There certainly seems to be much more depth here than on the previous albums, both lyrically and musically. KoL seem to be that rare breed of band – in an era where the earth shattering debut album seems to be all or nothing, and where time is most definitely not on a band’s side, they are slowly maturing and coming good.
Perhaps only the most ardent of Low fans will jump for joy at the prospect of yet another album from this most regular and dependable of bands. Like its predecessor (‘The Great Destroyer’), ‘Drums and Guns’ comes with plenty of talk of a change in direction. The last album actually heralded nothing of the sort, it was simply a heavier, louder take on the same furrow Low have been ploughing for years. ‘Drums and Guns’ arguably offers much more in the way of surprises. Whilst it retains the key elements of Low’s trademark sound – the stark minimalism, the stately tempos and the mellifluous harmonies from Alan Sparhawk and Mimi Parker (it’s hard to think of two other voices in the contemporary pop landscape that connect so beautifully with each other)- it also adds striking new elements . There are delicate electronic percussion interventions, ambient sound, and a variety of keyboards that shift the emphasis away from rudimentary beaten toms and strumming guitars.
‘Drums and Guns’ is certainly a grower, which coming from a group that is slow burning at the best of times may not exactly be a selling point. The majority of Low albums do have some moments of real immediacy though – a ‘Just Like Christmas’, ‘Dinosaur Act’ or ‘That’s How You Sing Amazing Grace’, for instance. There’s nothing remotely comparable here. It’s not helped by the fact that it starts terribly, with ‘Pretty People’ pitting Sparhawk and Parker against a rather uninteresting backdrop of mundane droning feedback. ‘All the soldiers are gonna die/All the little babes, they’re all gonna die’ they sing, rather portentously, suggesting that ‘Drums and Guns’ will wear its theme of a violent and corrupt world rather obviously on its sleeve (the inlay even features arty photographs of, well, drums…and guns).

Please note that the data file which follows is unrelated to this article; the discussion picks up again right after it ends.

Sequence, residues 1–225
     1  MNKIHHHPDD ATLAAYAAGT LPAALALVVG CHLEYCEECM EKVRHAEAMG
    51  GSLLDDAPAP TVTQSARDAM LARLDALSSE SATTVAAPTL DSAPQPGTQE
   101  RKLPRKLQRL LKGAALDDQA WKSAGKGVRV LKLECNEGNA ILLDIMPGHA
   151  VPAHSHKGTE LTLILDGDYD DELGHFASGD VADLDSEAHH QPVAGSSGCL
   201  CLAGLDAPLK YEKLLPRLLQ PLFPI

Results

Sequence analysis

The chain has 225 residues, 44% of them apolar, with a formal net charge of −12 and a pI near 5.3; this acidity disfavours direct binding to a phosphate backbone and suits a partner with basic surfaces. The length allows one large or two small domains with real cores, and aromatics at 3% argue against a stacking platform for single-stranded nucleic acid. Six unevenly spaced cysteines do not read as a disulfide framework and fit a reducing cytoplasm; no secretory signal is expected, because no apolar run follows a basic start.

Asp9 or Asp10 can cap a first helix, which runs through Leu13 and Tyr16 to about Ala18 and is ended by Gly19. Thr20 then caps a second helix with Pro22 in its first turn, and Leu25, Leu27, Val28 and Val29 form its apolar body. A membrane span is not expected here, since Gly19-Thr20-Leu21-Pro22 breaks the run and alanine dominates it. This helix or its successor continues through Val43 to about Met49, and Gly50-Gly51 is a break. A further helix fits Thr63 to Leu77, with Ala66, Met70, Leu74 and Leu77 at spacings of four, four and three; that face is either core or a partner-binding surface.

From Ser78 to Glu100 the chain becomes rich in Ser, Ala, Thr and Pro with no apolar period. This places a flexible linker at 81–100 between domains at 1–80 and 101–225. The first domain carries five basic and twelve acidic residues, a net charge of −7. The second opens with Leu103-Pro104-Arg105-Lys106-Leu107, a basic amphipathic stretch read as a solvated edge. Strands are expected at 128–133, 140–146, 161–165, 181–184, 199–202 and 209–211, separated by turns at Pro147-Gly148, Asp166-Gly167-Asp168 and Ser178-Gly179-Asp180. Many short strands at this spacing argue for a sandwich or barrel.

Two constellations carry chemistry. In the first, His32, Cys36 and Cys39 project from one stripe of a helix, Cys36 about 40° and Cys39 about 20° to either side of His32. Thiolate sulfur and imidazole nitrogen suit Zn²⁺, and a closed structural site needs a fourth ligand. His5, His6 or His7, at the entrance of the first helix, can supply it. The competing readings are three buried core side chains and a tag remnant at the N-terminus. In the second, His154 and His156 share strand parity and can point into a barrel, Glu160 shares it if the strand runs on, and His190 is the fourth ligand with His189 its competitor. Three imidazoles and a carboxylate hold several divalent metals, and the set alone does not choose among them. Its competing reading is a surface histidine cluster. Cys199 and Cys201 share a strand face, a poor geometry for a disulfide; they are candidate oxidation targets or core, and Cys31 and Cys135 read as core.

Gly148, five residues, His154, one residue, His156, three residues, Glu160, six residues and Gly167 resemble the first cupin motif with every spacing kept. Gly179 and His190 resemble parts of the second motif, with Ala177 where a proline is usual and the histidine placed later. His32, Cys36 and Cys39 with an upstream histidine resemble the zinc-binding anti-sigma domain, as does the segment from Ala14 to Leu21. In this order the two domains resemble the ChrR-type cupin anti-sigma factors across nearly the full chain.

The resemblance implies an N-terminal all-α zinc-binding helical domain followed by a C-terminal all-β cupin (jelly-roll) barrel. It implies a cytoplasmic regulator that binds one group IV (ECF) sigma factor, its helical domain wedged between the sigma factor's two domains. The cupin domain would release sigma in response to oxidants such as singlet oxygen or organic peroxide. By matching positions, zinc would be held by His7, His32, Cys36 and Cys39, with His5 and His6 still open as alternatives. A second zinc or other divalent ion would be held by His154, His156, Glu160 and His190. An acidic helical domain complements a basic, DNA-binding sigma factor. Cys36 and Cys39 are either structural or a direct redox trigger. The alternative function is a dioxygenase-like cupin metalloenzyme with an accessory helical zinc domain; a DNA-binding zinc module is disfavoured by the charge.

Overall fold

Mercifully, things get a lot better very quickly. ‘Belarus’ and ‘Breaker’ are two of Low’s quirkiest tracks to date, and given that the entire album is helmed by Dave Fridmann (who has certainly been guilty of superficiality in some of his previous productions), it’s remarkable how subtle and effective the electronics are here. They add an additional layer of mystery and intrigue to this sombre and reflective music. ‘Dragonfly’ is elegant and haunting, as the group so often are. The work that these tracks most remind me of is REM’s criminally underrated ‘Up’, where the band found a new texture and context for their melodic and harmonic sensibilities. The arrival of new bassist Matt Livingston also seems to have heralded a greater reliance on lower tones and pulsating bass lines.
The two most striking tracks are ‘Always Fade’ and ‘Hatchet’, not least because they represent the closest this defiantly slow group has ever come to producing something uptempo. The latter, with its punctuating guitar figures, brazenly melodic vocals and stuttering beat even reminds me a little of Hot Chip circa ‘Coming on Strong’.
Although there is a somewhat murky period after the shock of ‘Hatchet’ (where individual songs do seem to blur into one a little) the album does coalesce both thematically and musically as it progresses. What emerges by the superb conclusion (‘Murderer’ and ‘Violent Past’ are both album highlights) is a sinister, downbeat and very pessimistic world view, both personal and political. ‘Murderer’ is a particularly striking song in the current climate, with its protagonist offering one last service to God ‘before I go’, suggesting ‘you may need a murderer to do your dirty work’. It’s powerful and edgy.
This album seems to have divided opinion as to whether it’s one of the group’s more challenging or accessible ventures, which is odd, given that it clearly can’t be both. I feel it’s comfortably the most difficult of their recent albums, and probably closer in spirit to ‘Trust’ than ‘Secret Name’ or ‘Things We Lost in the Fire’. It is frequently audacious though, where Low albums tend to stick to their very particular comfort zone. They are now finding new ways to sustain a long-term musical career, and ‘Drums and Guns’ is characterised by a new boldness and confrontational vision.